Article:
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The Book Makers

Don’t you just love the smell of a good book? Bay Area-bred filmmaker James Kennard taps into the tangible connection humans have to physical books, profiling the talented artists, authors, collectors, and historians who retain and preserve the artistry and craft of bookmaking. The individuals create books that manifest wonder and awe, carrying on traditions of producing physical books to coexist in harmony with a newly digital world. From the producers of California Typewriter, Won’t You Be My Neighbor?, and The Kingmaker, and featuring interviews with Dave Eggers, Daniel Handler, Peter Koch, and many more, The Book Makers explores the world of book fairs and book obsessives, whose passion and dedication converge to keep the pleasurable and palpable acts of physical bookmaking and book-reading alive.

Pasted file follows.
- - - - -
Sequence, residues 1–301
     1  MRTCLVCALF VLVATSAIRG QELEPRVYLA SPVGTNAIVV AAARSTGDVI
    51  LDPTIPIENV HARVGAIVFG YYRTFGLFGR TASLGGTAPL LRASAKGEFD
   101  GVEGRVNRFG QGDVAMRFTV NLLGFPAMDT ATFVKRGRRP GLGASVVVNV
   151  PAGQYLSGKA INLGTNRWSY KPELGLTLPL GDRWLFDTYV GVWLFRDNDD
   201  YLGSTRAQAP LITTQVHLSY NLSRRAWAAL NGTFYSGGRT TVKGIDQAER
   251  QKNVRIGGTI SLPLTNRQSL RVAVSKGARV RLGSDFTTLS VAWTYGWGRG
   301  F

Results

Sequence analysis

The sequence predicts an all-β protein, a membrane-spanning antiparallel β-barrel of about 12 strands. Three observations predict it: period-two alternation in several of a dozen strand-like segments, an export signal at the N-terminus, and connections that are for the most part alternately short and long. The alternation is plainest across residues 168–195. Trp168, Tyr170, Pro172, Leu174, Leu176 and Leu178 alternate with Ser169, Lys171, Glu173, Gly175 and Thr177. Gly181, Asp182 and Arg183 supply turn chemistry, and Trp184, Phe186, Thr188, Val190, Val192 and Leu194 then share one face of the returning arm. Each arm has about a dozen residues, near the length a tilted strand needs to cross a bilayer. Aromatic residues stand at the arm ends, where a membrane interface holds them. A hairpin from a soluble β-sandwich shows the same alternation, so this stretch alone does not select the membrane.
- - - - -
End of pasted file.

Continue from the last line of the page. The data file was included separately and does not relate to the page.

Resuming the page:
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Citizen Penn

On January 12, 2010, a 7.0 earthquake devastated Haiti and changed millions of lives. International aid workers descended on Haiti to help in any way they could. One of those people driven to help was American actor and filmmaker Sean Penn. Citizen Penn chronicles the moment Penn and his team of volunteers landed in Haiti just days after the earthquake and the decade since. This documentary delivers unparalleled access to one of America’s most polarizing figures and offers audiences an intimate, honest, and self-reflective look into the triumphs and challenges of a man who decided to do something. He got involved in a way few activists ever will. Viewers can decide for themselves whether Haiti is better off for it.
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Current Sea